Are American Adaptations of British Shows Really Necessary?

American television producers are always looking for the next big hit, so it is understandable that they would keep an eye out for TV success stories "across the pond" and try to adapt them for U.S. audiences.  If it worked in England, odds are it should work in the United States, right?  It is funny how things often get lost in translation (even though Brits and Americans technically speak the same language).  MTV's adaptation of Skins is facing public backlash and sponsor revolt, while its award-winning U.K. inspiration, despite having almost identical controversial plotlines, continues to enjoy success in its fifth season.

My wife and I watched the first two episodes of Syfy's version of Being Human, and we enjoyed it, but as a fan of the U.K. version, which was pretty great on its own, I wonder why an American adaptation was even necessary.  Did the British accents really bother Americans that much?  Maybe Hollywood television bigwigs just assume they can do it better.

In some instances, they might be right.  I used to work for DLT Entertainment which struck gold by adapting the British Man About the House into the ratings hit Three's Company.  In that case, the American remake (in my admittedly biased opinion) was superior.  But if you "tap that well" too often, you are bound to come up dry, as evidenced by the failure of spinoffs The Ropers (based on George and Mildred) and Three's a Crowd (based on Robin's Nest).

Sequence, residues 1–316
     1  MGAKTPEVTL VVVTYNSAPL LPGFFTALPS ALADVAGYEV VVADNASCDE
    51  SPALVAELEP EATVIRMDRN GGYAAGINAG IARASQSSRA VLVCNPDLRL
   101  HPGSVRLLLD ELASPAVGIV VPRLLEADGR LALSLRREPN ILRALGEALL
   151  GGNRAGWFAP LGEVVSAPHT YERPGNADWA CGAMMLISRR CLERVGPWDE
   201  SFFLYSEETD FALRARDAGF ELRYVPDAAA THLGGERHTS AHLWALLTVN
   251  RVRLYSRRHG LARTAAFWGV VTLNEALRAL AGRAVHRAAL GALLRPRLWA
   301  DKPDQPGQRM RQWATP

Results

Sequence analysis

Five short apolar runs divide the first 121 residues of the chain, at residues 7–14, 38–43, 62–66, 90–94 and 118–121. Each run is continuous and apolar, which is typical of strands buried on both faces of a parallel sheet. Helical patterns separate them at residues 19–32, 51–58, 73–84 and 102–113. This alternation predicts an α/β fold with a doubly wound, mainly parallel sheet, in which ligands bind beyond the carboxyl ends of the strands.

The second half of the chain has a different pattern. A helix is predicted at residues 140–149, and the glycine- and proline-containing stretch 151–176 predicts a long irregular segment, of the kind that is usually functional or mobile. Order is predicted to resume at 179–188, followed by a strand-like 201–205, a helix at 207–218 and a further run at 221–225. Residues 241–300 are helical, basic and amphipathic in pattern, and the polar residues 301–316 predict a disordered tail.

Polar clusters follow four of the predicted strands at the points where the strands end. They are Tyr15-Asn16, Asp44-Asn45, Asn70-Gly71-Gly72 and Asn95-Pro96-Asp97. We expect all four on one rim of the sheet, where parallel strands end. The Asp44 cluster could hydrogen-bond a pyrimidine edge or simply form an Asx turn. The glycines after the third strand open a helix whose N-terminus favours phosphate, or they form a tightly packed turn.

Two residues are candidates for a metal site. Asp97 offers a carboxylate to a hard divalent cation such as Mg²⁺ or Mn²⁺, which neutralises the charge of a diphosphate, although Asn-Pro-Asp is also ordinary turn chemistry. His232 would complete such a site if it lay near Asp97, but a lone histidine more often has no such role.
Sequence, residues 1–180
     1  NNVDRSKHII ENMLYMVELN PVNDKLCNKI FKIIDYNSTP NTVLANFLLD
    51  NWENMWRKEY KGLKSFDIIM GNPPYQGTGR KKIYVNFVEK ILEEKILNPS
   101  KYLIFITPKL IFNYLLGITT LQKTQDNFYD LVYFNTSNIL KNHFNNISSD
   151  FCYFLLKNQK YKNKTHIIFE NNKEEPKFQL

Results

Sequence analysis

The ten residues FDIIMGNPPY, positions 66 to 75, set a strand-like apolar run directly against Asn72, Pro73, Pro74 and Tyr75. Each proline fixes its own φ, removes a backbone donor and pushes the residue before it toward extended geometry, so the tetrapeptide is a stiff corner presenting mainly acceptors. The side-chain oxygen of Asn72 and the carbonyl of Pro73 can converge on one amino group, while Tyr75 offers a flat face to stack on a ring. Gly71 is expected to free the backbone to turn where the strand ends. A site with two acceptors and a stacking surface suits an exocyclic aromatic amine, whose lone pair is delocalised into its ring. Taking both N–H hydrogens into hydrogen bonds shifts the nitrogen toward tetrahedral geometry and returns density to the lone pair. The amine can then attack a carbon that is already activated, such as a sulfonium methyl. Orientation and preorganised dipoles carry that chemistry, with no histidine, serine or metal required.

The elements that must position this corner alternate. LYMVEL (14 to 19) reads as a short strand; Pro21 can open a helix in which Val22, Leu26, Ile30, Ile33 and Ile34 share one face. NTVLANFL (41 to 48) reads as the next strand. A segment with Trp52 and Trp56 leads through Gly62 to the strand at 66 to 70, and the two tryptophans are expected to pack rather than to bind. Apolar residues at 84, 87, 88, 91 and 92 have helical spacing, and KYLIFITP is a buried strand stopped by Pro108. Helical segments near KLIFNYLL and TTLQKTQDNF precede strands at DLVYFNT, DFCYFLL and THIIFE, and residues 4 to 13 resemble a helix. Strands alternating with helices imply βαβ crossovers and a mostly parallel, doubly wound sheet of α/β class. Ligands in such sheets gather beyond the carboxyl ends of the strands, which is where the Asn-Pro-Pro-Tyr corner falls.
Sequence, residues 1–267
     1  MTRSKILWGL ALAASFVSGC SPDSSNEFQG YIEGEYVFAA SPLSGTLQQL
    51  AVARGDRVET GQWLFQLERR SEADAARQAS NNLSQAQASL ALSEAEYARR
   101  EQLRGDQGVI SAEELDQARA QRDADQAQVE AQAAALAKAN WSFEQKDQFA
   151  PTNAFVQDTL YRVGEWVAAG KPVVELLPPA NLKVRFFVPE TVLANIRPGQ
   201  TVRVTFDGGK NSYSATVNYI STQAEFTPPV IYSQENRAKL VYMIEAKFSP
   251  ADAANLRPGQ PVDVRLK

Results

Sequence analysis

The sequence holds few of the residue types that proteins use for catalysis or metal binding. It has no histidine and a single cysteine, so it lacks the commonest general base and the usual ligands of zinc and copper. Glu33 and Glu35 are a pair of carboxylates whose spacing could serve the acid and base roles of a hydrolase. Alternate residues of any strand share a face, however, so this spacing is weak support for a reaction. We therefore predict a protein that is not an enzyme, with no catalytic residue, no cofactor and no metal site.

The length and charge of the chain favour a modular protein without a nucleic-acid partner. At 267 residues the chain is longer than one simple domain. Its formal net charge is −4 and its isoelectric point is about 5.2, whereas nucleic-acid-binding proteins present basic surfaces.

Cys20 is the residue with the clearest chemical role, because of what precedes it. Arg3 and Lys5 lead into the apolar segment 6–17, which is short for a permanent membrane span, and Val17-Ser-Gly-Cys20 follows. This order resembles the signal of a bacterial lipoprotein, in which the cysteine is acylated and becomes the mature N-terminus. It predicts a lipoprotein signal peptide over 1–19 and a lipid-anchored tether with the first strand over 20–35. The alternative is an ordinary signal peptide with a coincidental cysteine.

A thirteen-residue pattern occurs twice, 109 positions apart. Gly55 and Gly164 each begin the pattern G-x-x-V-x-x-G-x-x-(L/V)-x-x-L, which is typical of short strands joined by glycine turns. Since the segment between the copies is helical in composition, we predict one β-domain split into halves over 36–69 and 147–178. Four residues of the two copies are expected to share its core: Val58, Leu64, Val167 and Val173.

Some American TV classics were inspired by British originals, including All in the Family (based on Til Death Do Us Part) and Sanford and Son (based on Steptoe and Son). Recent successful adaptations like The Office prove that the concept still has moneymaking potential.  It has proven lucrative to bring hit British game show formats, for example, to the U.S., like Who Wants to Be a Millionaire and American Idol (based on the U.K.'s Pop Idol).

Failures, however, litter the television landscape, evidence that adapting British hits for American TV screens is still a big gamble.  Some fail because the new versions were uninspired, such as Coupling.  Others, like The Eleventh Hour and Life on Mars, had great potential, but never clicked with broad mainstream audiences in America.

No doubt, any British hit will attract the attention of American producers who will seek the rights to make their own U.S. version.  The question they should ask is whether or not an adaptation is merited.  Some will hit paydirt, while others will flop.  Is it a risk worth taking?  Does it diminish the legacy of the original?  Or is it a legitimate way to bring great stories to new audiences?

Comments

MediumRob said…
I think it can be worth doing. It just depends on who's doing the adaption. The US version of Touching Evil is one of my favourite shows of all time and makes the UK version look like amateur rubbish comparison. The UK version was created by Paul Abbott (Shameless), had contributions from Russell T Davies (Doctor Who) and starred Robson Green; but the US version was created by Bruno Heller (Rome), had contributions from Ronald D Moore (BSG) and starred Jeffrey Donovan (Burn Notice) and Vera Farmiga (Up in the Air).

Get a decent team in place and you end up with something decent. Get a poor team in place and you end up with something derivative like the US/Canadian version of Being Human on SyFy.